Palestinians are largely divided into two political groups, Hamas and Fatah. Although both groups support a Palestinian state, they have many differing beliefs. Fatah formed out of the original Palestinian Liberation Organization (PLO) in the late 1950s, now supports peaceful negotiations with Israel with the goal of a two-party state. Hamas is a more militant group that provides social welfare for Palestinians suffering under Israeli occupation but primarily focuses on violent terrorist acts against the state of Israel with the goal of a single Palestinian state. The primary differences between the two are that Hamas uses violent action while Fatah solely uses peaceful negotiations and that Hamas is religiously Islamist-based while Fatah is secular. 
The two Palestinian camps will never be able to achieve a suitable compromise. The violent Hamas group makes peaceful negotiations impossible and prevents progress from being made. Israel occupies and subjugates Palestinians out of fear about the safety of Israeli citizens, and that fear will not cease if Hamas continues its violence. Peaceful negotiations between the Israeli government and Fatah will never fully solve the conflict because the Hamas group will not be happy with a two-state, secular solution when they desire a single Islamic Palestinian state. The internal conflict among the Palestinians prevents true progress from being made toward peace. The already difficult task of a solution to the Israeli and Palestinian conflict is made impossible because the Palestinians do not have a united front.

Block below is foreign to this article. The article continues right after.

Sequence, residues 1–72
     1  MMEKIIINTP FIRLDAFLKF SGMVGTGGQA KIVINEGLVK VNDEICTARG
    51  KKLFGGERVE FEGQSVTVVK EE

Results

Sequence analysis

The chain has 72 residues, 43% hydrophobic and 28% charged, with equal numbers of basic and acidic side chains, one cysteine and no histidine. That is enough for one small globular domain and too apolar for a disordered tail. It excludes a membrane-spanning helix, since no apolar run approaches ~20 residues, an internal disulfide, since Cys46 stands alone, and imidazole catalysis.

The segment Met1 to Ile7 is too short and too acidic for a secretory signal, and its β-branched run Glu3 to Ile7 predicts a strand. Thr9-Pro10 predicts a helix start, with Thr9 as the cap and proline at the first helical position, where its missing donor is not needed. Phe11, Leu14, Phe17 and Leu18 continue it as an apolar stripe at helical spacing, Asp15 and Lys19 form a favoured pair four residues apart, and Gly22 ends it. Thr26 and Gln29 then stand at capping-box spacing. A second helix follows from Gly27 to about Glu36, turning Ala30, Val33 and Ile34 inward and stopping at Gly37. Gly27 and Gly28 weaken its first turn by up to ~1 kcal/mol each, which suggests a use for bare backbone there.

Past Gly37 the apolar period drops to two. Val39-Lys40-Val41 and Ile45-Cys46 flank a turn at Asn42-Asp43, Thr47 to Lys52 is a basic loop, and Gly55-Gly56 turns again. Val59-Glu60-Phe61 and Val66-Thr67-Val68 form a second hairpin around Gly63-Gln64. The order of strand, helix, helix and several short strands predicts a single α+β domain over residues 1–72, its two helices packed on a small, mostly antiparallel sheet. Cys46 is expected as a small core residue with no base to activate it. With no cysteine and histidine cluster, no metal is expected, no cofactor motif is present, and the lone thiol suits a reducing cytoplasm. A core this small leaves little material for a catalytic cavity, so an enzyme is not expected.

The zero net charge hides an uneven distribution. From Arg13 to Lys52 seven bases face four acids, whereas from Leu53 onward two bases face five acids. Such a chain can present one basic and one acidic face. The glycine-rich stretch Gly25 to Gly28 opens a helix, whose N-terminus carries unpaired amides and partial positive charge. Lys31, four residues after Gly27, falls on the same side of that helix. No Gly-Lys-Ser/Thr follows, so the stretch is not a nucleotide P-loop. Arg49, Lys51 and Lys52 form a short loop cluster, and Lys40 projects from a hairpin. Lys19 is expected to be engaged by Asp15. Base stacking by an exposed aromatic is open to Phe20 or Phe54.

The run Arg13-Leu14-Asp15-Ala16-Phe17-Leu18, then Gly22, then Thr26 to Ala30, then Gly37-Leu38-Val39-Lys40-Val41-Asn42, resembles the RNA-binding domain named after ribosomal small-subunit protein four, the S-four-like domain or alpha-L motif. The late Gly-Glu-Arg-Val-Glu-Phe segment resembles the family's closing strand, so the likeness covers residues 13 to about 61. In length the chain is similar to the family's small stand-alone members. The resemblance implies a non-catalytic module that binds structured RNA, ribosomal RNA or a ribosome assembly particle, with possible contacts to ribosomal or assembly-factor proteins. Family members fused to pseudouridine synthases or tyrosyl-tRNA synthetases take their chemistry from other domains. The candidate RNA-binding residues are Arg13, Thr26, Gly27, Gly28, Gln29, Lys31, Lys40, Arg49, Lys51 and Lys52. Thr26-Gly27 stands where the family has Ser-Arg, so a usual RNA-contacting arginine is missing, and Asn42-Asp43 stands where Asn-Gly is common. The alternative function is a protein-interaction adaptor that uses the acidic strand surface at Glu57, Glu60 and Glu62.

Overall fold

Though the two groups are strongly opposed, with creative negotiations and a compromise from both Palestinian parties a suitable solution could be reached. Especially if a solution was backed by other Arabic nations or the United Nations, an agreement could be enforced even if all parties were not entirely content with it.
[P1] For a solution to be reached, all parties must uphold it. [P2] The Hamas and Fatah Palestinian parties fundamentally disagree, and neither will compromise. [P3] Both parties could not be happy with a solution simultaneously. [P4] Since both parties cannot be pleased at the same time, no suitable solution exists.
Rejecting the premises
[Rejecting P2] Parties could be forced to compromise.